Don't miss out! Join the thousands of people who subscribe to our once-daily email with all the best travel news. Some links on this page may pay me a commission - as always, thanks for your support if you use them
Tomorrow (Tuesday November 3rd), voters in San Francisco will go to the ballot to decide on Prop F – a measure introduced to regulate short-term rentals (also more popularly known as “the Airbnb law”. I do not live in San Francisco, and have actually never stayed in an airbnb (though I have a few plans to do so). I do not own any airbnb homes, though I have investigated it – I do own 3 traditional rental homes.
So I don’t feel like I really have a dog in this fight, so I’m attempting to sum up the cases for and against Airbnb Prop F in as unbiased a matter as possible.
Airbnb Prop F details
Here is a preamble of Airbnb Prop F
The case for Airbnb Prop F
Some of the arguments FOR Airbnb Prop F in San Francisco are arguing that many airbnb rentals are not being offered by people offering out their spare rooms, but by professional landlords and companies who are in some cases taking properties out of the pool of regular rental homes and converting them to tourist accomodations, and competing with hotels and other vacation properties.
In some cities (like New York), there have also been reports of landlords taking rent controlled properties off the market and converting them to airbnb (or other short-term rental) listings.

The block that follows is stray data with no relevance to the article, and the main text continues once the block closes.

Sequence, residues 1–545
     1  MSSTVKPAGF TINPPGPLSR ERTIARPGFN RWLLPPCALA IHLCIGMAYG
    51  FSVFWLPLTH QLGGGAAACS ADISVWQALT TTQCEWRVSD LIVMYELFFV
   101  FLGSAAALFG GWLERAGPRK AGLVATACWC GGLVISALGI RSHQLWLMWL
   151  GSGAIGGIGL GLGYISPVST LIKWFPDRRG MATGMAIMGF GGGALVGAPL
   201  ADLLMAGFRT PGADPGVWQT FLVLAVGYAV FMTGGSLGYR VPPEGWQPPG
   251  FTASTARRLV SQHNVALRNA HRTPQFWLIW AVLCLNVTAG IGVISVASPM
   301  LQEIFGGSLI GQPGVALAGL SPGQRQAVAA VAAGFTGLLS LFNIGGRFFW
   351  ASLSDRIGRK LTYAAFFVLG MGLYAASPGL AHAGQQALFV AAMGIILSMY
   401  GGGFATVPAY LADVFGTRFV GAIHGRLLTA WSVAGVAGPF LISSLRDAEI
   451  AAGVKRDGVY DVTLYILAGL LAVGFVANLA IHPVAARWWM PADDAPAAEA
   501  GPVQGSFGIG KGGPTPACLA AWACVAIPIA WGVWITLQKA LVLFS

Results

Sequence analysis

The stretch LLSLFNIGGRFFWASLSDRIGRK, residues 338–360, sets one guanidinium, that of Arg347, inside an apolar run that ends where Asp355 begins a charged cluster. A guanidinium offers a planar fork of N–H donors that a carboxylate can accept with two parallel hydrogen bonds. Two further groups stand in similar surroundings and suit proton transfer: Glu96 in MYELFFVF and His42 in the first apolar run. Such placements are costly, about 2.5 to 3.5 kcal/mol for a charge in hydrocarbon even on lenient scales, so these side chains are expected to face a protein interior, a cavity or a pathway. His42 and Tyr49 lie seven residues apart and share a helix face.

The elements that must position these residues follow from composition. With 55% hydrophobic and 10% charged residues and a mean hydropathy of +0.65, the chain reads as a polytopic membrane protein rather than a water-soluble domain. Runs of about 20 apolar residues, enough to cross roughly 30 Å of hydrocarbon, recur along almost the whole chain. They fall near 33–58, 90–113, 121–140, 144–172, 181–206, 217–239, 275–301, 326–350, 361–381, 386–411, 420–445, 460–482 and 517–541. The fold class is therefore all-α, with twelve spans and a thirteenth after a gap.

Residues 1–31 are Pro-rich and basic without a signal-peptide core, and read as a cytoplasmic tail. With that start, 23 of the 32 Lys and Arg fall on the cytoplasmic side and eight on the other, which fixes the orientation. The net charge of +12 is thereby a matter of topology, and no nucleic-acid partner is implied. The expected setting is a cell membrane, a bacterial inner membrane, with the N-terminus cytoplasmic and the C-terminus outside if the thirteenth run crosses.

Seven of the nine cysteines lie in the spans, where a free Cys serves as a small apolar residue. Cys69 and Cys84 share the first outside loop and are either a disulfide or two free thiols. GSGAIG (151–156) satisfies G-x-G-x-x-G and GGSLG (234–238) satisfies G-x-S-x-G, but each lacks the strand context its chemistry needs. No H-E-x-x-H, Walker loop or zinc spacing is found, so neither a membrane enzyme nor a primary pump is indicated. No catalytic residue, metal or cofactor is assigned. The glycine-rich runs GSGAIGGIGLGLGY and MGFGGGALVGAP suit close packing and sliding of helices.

These measures are being funded in part, not surprisingly, by hotel lobbying groups.
The main lobbying against working to defeat Airbnb Prop F is funded by Airbnb itself. They originally had gotten into some trouble with the way that they advertised against Prop F, but they ended up pulling some of those ads.
One argument against Prop F is that it overly specific, and such regulation should be covered by the (already existing) short-term rental laws.
There’s also the argument against Airbnb Prop F argue that there will be an incentive to sue your neighbors, and even if you’re found innocent, you still end up having to pay your own legal costs and lawyer fees!
How to regulate a fast-moving market
Regardless of where you stand on whether airbnb (and Uber, and Lyft, and other sharing economy companies) should be regulated, I do feel like a ballot measure is just about the worst way to do it. As one site put it, imagine we were all living under the MySpace Law of 2006… :-). Of course, it could be worse – in Ohio where I live, in 2009 they AMENDED THE STATE CONSTITUTION just to put in casinos, in 3 specific cities! It feels kind of like amputating your finger to take care of a hangnail 🙂
So if Prop F passes and then ends up not working out exactly as intended, the only way to counteract it would be, as I understand it, another ballot initiative in November 2016. That seems… less than ideal than just having the City of San Francisco either enforce the already existing short-term rental laws (it’s not quite the Wild West out there!), or, if those existing laws don’t cover all of the intended scenarios, then pass some new ones!
I have not explored every possible argument for and against Airbnb Prop F – but if you live in San Francisco, I urge you to research the issues, vote on Election Day and make your voice heard!
It will be an interesting race to watch on Election Day!